Committee requests changes to piracy directive

European Union

The European Parliament's Committee on Legal Affairs and the Internal Market has issued a report on the draft directive on the enforcement of intellectual property (IP) rights, known as the piracy directive. The directive, which was proposed by the European Commission on January 30 2003, aims to harmonize national laws on the enforcement of IP rights and to combat counterfeiting and piracy in the single market. The committee called for the following changes:

  • The scope of the directive in the area of civil and administrative measures should be extended to all infringements of IP rights, whereas the commission's proposal was limited to infringements for commercial purposes or where an infringement causes significant harm to the rights holder.

  • The directive should have a minimalist provision on criminal penalties. The committee hoped that recent and forthcoming developments on this front (eg, a ruling of the European Court of Justice on a case on environmental liability) will eventually make it possible to introduce criminal sanctions at a later stage. Furthermore, the committee emphasized the fact that criminal penalties should only apply to serious infringements and the judicial authorities should take due account of each individual case, especially of the intentional or unintentional character of the infringement, when choosing penalties.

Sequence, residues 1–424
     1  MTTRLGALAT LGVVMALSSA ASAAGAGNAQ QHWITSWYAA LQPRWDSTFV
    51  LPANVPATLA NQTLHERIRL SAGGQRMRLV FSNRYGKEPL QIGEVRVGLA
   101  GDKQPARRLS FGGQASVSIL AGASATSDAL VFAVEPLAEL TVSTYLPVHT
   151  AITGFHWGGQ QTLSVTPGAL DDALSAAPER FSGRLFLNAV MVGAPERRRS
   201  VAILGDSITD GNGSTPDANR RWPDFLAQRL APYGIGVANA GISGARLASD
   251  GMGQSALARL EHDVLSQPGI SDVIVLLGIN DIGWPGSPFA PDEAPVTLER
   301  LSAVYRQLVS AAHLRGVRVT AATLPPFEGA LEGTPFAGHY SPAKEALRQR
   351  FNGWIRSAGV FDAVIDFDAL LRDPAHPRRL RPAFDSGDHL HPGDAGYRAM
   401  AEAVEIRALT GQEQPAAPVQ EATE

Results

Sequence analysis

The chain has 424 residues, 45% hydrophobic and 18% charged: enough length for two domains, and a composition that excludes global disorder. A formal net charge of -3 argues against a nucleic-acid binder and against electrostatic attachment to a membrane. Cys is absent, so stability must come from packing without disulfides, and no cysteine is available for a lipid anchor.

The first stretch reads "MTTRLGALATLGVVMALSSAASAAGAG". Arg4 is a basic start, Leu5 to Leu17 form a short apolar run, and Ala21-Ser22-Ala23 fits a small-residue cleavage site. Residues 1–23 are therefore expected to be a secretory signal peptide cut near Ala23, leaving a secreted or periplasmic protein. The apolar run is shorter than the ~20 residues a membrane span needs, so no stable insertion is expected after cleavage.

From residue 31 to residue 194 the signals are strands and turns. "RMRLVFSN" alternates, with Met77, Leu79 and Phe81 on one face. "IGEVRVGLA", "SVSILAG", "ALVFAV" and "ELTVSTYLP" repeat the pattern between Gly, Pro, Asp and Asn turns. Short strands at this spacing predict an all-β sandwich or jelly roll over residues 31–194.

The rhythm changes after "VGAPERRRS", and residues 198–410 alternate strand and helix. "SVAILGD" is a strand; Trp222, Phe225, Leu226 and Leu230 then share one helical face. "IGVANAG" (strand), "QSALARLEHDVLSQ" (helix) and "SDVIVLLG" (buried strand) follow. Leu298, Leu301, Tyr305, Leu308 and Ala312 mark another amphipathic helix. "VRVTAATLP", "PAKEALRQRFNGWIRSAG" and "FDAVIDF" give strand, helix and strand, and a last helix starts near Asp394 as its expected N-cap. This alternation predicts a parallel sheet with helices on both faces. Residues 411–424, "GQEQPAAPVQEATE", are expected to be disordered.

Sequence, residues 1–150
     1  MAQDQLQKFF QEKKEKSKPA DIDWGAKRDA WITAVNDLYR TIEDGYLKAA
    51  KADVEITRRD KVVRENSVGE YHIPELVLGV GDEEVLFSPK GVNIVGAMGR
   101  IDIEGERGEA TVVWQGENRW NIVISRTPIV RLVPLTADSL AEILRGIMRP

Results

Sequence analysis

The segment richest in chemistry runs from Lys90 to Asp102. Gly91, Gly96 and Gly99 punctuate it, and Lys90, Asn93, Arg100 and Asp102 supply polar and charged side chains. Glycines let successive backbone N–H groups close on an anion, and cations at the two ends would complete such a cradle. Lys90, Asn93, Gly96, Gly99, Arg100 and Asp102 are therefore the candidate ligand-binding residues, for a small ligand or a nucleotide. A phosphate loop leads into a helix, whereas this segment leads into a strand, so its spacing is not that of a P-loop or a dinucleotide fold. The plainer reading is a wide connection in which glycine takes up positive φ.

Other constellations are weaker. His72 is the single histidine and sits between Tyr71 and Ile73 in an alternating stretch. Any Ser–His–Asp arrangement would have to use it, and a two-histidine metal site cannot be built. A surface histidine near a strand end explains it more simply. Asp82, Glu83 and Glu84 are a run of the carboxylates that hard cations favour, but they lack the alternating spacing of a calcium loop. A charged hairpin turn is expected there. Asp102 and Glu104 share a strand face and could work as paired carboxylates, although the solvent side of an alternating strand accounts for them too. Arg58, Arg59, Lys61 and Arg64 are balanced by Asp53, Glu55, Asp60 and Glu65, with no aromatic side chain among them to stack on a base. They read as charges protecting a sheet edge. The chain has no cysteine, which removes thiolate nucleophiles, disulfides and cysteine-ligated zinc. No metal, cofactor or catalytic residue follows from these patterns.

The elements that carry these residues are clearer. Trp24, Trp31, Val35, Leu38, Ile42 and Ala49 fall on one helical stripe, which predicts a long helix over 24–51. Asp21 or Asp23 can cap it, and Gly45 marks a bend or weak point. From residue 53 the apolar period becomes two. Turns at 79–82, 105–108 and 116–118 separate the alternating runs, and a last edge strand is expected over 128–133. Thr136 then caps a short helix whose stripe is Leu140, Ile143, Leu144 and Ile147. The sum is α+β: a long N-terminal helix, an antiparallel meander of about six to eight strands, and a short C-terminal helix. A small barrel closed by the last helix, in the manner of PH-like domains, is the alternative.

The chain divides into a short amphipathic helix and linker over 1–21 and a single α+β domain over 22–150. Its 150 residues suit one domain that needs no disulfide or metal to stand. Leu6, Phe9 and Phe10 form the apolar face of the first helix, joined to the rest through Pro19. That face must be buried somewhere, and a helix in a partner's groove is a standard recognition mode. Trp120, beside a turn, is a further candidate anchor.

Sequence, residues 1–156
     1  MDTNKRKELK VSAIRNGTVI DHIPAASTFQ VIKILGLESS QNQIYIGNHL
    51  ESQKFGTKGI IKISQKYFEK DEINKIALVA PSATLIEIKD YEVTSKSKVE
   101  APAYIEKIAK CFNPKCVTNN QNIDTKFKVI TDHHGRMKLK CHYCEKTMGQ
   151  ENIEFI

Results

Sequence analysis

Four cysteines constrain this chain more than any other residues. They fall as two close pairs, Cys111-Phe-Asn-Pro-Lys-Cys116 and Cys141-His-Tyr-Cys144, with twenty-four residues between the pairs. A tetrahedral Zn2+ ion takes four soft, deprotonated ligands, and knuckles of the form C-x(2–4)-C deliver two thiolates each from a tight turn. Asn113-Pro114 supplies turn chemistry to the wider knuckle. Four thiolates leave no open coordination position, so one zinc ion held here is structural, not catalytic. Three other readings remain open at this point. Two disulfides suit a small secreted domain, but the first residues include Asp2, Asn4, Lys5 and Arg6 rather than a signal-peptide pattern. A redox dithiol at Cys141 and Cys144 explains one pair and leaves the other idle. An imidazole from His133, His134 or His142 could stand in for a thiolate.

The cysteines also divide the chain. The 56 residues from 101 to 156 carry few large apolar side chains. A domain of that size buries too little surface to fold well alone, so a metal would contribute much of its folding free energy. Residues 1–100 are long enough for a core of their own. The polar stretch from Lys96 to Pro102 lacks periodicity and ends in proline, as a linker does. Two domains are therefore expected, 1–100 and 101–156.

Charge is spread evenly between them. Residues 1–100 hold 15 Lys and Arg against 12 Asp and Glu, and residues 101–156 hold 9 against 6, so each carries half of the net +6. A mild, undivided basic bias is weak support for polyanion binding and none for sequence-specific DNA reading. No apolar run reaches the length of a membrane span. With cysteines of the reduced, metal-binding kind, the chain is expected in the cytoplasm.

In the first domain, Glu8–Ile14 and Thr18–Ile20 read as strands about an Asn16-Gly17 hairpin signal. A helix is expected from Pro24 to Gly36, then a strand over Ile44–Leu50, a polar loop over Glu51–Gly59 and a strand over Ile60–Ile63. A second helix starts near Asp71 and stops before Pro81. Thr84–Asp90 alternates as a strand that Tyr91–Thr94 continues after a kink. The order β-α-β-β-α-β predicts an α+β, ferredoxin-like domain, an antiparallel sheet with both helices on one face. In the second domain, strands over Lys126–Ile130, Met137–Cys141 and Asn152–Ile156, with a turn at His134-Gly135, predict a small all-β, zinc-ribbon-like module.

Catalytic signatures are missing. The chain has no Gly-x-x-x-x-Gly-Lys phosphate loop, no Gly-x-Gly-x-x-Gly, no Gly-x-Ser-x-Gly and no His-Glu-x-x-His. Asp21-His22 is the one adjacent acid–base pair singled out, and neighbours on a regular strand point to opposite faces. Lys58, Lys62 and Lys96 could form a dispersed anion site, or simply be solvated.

• The rights holders' right of information on the origin of litigious goods should be extended to all alleged infringements, thereby not limiting the scope of the provision to infringements for commercial purposes. While the courts will have to take into account the rules on data protection, they should also be able to order internet service providers to hand over relevant information on the origin of the infringing goods to rights holders.

  • The commission should consider measures to counter the problem of look-alike products that do not infringe any IP rights but mislead consumers and could possibly endanger public health.

The directive is to be adopted in a co-decision procedure between the European Parliament and the European Council. The next hearings are scheduled for February 9.

Julia Meuser and Beatrice Stange, Freshfields Bruckhaus Deringer, Hamburg

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